The shuttering of a boutique modeling agency isn’t usually a subject for national debate, but when it is partially owned by the president, that changes things. When news hit last week that Trump Models might be closing its doors, few were surprised. President Trump’s polarizing reputation has taken a toll on many of the businesses that bear his name, but his modeling agency faced a particularly difficult challenge. In a leaked email obtained by Mother Jones, Trump Models’s president, Corinne Nicolas, saluted the agency’s success over the past 18 years and shared the news that the Trump Organization parent company was phasing out its modeling segment to focus on business interests in golf, hospitality, and real estate.
The email followed a week’s worth of speculation spurred on by The Washington Post’s exposé on the high-profile women who’d left the agency. Once home to fashion icons including Carmen Dell’Orefice and Pat Cleveland, what it lacked in influence it made up for in the prestige of its iconic supermodels. Founded in 1999, and calling itself T Models at one point, it never rose to powerhouse status. Though it launched several faces over the years—including redhead editorial favorite Katie Moore, Steven Meisel muse Hollie-May Saker, and Sports Illustrated star Mia Kang—the agency attained modest success. Ironically, its greatest achievement may be the one farthest removed from its founder’s ideals: When it launched its Legends division in 2012, it helped to revive interest in models over 40.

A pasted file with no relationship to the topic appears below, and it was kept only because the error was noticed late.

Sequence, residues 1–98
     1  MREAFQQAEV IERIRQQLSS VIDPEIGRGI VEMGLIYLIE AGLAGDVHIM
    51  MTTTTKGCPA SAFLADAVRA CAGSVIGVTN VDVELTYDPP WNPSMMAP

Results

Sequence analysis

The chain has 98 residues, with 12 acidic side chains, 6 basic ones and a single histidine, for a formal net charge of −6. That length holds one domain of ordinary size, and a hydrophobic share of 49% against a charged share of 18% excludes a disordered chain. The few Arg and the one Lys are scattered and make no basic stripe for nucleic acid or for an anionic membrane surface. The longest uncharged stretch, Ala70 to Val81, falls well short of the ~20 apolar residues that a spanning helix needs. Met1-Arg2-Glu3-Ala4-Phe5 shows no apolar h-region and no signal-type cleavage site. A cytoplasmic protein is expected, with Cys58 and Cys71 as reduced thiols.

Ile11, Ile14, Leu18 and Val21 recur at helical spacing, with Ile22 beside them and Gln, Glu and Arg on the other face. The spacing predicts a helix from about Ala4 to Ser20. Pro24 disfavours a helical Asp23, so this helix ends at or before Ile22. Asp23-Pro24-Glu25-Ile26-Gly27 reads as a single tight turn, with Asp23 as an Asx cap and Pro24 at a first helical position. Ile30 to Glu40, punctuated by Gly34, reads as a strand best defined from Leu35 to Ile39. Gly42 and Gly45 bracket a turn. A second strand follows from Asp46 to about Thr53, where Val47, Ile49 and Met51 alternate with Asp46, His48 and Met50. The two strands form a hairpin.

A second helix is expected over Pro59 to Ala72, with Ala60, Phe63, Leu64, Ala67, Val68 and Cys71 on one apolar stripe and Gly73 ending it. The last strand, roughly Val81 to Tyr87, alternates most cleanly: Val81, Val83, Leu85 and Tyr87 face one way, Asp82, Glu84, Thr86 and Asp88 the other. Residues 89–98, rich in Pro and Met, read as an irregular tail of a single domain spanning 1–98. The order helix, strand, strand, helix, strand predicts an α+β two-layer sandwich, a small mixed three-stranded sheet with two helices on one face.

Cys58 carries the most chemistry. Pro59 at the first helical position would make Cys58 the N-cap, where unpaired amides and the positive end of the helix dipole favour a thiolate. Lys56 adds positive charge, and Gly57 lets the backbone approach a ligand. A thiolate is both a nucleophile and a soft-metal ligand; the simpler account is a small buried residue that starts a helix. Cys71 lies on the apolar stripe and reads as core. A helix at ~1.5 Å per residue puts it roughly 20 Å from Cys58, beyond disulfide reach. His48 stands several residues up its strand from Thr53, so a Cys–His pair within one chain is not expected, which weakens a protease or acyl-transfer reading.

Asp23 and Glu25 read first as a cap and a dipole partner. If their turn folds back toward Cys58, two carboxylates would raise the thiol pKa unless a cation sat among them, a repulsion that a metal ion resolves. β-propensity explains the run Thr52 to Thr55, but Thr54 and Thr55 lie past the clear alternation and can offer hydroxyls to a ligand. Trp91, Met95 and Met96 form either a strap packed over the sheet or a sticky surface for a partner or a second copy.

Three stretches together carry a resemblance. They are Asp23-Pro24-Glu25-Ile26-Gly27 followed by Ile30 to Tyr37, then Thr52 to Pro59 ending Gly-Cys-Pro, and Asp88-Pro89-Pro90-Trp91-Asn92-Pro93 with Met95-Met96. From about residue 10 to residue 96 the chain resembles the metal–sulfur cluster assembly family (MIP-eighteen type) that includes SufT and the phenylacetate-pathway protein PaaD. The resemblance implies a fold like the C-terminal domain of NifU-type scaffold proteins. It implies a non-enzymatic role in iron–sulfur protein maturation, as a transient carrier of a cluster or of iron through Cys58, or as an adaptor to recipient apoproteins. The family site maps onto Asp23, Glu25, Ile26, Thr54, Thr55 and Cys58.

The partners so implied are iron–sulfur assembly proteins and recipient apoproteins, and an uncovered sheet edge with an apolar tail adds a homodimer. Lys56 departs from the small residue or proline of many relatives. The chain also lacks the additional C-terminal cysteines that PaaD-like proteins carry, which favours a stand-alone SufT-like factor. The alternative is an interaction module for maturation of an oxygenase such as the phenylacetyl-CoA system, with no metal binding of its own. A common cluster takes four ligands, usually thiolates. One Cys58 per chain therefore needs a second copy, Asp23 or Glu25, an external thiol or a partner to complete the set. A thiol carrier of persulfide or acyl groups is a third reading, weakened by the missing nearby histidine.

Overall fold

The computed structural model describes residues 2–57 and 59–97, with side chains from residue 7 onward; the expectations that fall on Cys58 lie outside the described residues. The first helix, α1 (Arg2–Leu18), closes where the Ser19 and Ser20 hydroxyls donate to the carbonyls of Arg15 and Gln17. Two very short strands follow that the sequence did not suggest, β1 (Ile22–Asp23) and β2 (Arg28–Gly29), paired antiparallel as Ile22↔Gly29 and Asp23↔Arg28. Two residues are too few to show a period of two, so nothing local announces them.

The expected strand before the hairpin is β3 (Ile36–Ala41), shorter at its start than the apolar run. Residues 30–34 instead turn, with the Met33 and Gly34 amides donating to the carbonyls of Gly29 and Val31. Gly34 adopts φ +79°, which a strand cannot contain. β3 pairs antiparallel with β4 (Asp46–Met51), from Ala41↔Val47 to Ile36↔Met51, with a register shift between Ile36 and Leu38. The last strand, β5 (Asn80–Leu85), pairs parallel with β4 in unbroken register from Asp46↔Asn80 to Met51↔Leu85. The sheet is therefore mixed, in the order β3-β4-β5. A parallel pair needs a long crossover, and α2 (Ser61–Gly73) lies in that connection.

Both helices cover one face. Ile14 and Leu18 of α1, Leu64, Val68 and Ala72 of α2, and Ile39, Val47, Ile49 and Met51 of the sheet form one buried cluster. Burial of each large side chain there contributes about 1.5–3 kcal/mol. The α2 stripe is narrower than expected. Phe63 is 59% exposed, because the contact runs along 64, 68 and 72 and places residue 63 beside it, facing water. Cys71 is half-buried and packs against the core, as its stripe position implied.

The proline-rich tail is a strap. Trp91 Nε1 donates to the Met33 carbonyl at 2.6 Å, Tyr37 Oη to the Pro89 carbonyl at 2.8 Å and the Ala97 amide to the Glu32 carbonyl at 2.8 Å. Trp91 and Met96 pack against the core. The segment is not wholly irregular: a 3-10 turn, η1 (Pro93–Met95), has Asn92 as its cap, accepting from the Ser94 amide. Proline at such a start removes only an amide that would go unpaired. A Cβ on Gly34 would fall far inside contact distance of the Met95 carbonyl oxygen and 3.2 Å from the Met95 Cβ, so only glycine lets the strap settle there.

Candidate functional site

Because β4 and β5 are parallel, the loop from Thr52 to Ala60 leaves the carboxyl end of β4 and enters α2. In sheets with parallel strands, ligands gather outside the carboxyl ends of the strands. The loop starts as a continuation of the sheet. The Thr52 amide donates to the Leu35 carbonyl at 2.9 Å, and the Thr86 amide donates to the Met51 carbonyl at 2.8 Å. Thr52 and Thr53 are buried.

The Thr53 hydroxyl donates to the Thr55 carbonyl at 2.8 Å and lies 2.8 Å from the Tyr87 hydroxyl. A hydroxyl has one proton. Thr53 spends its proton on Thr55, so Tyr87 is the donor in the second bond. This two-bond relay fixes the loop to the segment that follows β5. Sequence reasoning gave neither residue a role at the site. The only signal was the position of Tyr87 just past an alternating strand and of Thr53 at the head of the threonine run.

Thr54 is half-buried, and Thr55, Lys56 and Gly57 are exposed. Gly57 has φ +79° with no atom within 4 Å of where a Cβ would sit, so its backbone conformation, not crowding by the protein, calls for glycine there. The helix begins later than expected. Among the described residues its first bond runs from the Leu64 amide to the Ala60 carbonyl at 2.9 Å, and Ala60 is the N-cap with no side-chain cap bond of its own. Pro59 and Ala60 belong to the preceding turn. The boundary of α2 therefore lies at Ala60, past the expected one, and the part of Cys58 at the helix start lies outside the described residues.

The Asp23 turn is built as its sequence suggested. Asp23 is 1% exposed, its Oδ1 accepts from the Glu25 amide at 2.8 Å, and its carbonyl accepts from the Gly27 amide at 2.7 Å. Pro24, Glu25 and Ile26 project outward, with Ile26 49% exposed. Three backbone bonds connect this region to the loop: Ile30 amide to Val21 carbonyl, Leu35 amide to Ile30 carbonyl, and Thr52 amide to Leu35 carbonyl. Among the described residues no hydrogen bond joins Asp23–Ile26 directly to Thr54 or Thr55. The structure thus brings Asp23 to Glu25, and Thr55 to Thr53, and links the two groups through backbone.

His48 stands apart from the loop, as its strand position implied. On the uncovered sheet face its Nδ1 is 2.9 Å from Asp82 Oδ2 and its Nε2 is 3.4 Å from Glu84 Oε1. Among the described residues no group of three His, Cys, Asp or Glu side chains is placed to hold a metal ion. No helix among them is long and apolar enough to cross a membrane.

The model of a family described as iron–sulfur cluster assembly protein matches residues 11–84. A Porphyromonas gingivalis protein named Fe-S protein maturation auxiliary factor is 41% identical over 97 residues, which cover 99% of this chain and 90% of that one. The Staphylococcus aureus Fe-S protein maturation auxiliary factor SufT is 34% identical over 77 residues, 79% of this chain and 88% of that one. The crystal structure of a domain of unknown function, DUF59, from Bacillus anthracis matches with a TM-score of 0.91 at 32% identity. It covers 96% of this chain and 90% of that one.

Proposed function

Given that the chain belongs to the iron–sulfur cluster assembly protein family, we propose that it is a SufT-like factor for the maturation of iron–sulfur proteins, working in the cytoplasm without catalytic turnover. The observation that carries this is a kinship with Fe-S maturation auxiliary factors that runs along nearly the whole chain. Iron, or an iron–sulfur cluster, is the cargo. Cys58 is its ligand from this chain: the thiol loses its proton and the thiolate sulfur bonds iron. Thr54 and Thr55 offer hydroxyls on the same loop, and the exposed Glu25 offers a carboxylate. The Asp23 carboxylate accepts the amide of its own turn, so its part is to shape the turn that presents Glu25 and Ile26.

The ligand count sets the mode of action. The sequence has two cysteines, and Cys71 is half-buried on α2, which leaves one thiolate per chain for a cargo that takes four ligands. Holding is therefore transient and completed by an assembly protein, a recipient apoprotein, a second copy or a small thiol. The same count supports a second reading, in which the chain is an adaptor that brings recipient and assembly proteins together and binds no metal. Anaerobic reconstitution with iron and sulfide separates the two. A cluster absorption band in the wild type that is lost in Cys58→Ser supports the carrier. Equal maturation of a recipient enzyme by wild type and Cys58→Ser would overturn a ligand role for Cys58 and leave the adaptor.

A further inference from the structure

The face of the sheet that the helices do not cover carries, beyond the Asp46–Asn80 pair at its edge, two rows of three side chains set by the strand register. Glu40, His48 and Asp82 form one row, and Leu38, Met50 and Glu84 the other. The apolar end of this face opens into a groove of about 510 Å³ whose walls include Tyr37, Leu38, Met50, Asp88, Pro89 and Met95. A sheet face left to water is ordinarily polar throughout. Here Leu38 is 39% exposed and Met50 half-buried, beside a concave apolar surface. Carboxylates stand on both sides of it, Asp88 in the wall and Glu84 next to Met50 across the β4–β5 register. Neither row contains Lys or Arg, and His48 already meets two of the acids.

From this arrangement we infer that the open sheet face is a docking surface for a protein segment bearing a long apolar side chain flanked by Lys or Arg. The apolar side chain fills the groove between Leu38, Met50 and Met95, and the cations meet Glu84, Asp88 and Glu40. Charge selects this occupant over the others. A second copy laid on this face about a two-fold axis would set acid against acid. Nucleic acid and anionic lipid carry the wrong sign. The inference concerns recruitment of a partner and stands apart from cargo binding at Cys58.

The end of Trump Models already has given rise to a series of fresh endeavors. With several models from its Legends board following one of the agency’s top bookers, Patty Sicular, to Iconic Focus, an outpost dedicated to representing older talent, and with onetime Trump Models agent Gabriel Ruas Santos-Rocha, recently founding his own agency, Anti Management, the models and managers appear to be rebounding quickly. Still, the closure may have an impact beyond the formation of new agencies.
With rates down and hundreds of agencies jockeying for the same work, modeling is more competitive than ever, and while business losses are common, in the case of Trump Models the situation may have been exacerbated by its connection to the president. Trump’s history of derogatory statements about women made him a dubious choice for the business of beauty, yet he continuously sought a niche for himself within that world. In the beginning, his reputation for glitz may have added a degree of notoriety, but ultimately he may have become a liability.
There were reports of boycotts from behind the scenes, and many models were said to have questioned the ethics of working for an owner whose political views were at odds with their own. If there’s a lesson to be learned from the closure of Trump Models, it lies in understanding the impact of the current climate on fashion. Another modeling agency founder turned president seems unlikely in the future, and the resistance directed toward Trump’s companies proves that no business is immune to politics.
This story originally appeared on Vogue.
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